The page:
Beauty is not only the universal language connecting all humans across all cultures but also the universal language connecting all living species. It is the vehicle that allows a banana to message a primate it is ripe as well as a daffodil to solicit a bee for pollination. And as a primal force, it exerts itself at a very primitive and evolutionarily preserved level. The human act of perceiving beauty takes place in the deepest corners of an archaic portion of our brains where we appreciate, recognize, and value beauty. Three centuries before Christ, enlightened Greek philosopher Plato equated beauty with all that is good, realizing that it is a coveted treasure. Beauty is the lubricant leading to procreation and it very well may be the rawest of energies fueling evolution.

But don't mistake beauty with attractiveness. While related, they are two distinct entities. Beautiful can be unattractive, and attractive can be ugly. Consider 1985's sexiest man (according to People magazine) Mel Gibson's distasteful tirades, Picasso's engaging but disturbing Guernica, or Joshua Bell's melodic violin sonnets unappreciated in the Washington subway. All can be perceived beautiful or reprehensible, depending on the relative environment. To be attractive requires two parts: a form to project beauty and a second being to receive it as beautiful. But in the cognitively complex human, unlike lesser developed species, the manner in which the beauty is projected is highly dependent on the projector feeling beautiful. Herein lies the challenge: To feel beautiful and thus to project beauty takes effort and work, it is not a given—even for the physically advantaged. True to all forms of human advancement, feeling beautiful requires energy and ATPs to be expended in order to achieve a higher level or meaningful accomplishment.

Thinking, exercise, communication—all require purposeful work and effort, but we struggle with our primitive nature to seek out the path of least resistance. While we are designed to conserve ATPs and preferentially ration them for activities dedicated to survival, our ability to purposefully work toward a goal provides us with our most valuable rewards. And it is through creative muscle, reasoning, and ingenuity that human advancement individually and collectively occurs. However paradoxically in our post-modern world where food and shelter is readily available for most, modern advancement seems to be focused on increasing measures to take away the privilege and subsequent rewards gained by those who work hard for something:

  • Stories once read in books progressed to being heard on the radio and now to video screens, reducing our ability to imagine scenarios
  • Egyptian math abacuses transitioning to calculators to computers, limiting our ability to rapidly problem solve.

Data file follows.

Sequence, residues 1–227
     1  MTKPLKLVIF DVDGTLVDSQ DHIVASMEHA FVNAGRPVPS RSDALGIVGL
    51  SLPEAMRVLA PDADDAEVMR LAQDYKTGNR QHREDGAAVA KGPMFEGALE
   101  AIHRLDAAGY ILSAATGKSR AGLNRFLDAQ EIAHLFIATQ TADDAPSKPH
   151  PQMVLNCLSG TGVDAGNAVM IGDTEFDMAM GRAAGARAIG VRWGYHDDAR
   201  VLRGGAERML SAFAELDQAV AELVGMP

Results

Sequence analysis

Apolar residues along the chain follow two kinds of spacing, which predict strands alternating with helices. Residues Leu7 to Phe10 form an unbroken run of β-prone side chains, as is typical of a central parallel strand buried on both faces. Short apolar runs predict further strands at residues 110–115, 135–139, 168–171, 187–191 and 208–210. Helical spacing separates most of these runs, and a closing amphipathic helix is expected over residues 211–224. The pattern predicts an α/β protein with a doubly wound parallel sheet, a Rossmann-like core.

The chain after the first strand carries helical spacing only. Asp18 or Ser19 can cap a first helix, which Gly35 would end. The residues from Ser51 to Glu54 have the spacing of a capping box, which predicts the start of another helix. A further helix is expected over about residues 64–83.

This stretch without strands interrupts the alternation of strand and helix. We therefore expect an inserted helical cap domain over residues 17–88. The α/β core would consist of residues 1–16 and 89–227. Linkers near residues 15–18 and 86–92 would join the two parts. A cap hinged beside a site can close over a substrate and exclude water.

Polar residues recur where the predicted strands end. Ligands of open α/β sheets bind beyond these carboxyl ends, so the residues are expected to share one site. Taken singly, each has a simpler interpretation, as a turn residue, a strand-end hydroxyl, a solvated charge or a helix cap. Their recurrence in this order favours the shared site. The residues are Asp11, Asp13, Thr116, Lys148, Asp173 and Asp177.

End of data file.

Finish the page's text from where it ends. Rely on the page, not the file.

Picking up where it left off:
• Walking giving way to moving sidewalks and now personal scooters reducing exercise for our muscles.
  • Poetic letter writing yielding to abbreviated emails to texting acronyms, mutating our ability to communicate.

Is beauty following the same path of “Do it for me?” In multiple TV, radio, and print advertisements, beauty is portrayed as an effortless quick fix—a magic pill, potion, or procedure away. If we take away the ability to conquer, achieve, or taste victory no matter how small, are we destined to have a generation of patients who are going to assume we can deliver them to beauty?

Bottom LIne

Unlike a moving sidewalk we can't just automatically transport someone from being beautiful to feeling beautiful. The positive, healthy psyche is as much a part of being beautiful as the somatic form. And this takes work on the patient part as much as our part.

Unlike a moving sidewalk we can't just automatically transport someone from being beautiful to feeling beautiful. The positive, healthy psyche is as much a part of being beautiful as the somatic form. And this takes work on the patient part as much as our part. Just like a teacher can provide information and a student can either choose to study with or without purpose and learn, we can give someone a balanced nose, defined eyes, or more proportionally sized chin but not succeed in making them attractive. And while physically beautiful, perhaps they still do not project an attractive image. Projecting beauty is so much more than just the physical. It requires an acceptance and commitment to improving the self, which necessitates effort and expending of energy.

In a society where it is easier to quit than to communicate, to numbly absorb instead of participate, or conjure excuses rather than execute, how does this bode for the next generation of patients considering plastic surgery?

As medicine strays from paternalistic overtones of yesteryear we must admit and recognize in our post-modern world that our role has evolved toward partners in the process and not the manufacturers of health and beauty. As aesthetic physicians it would behoove us to abandon previously held notions that we are gods granting beauty for the vanity challenged. Instead, today we are more akin to talented stewards that help our patients achieve attractiveness. But for this relationship to be successful takes equal commitment from both the doctor and the patient. We cannot make people beautiful unless they work at it as well. And patients who are committed to enhancing their attractiveness are more likely to achieve success as are the doctors who choose them.

In an evolving world perhaps we should evaluate human nature within a modern context attempting to better understand the motivations, desires, and commitment of our patients. Perhaps our training should not only focus on the latest techniques and products but also make a concerted effort to teach what makes someone feel beautiful and why. The future of our field may depend on it.